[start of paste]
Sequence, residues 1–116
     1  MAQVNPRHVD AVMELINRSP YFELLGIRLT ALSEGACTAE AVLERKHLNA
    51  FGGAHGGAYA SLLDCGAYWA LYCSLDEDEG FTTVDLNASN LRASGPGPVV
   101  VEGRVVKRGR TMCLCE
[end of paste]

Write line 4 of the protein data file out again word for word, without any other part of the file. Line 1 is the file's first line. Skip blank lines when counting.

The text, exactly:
   101  VEGRVVKRGR TMCLCE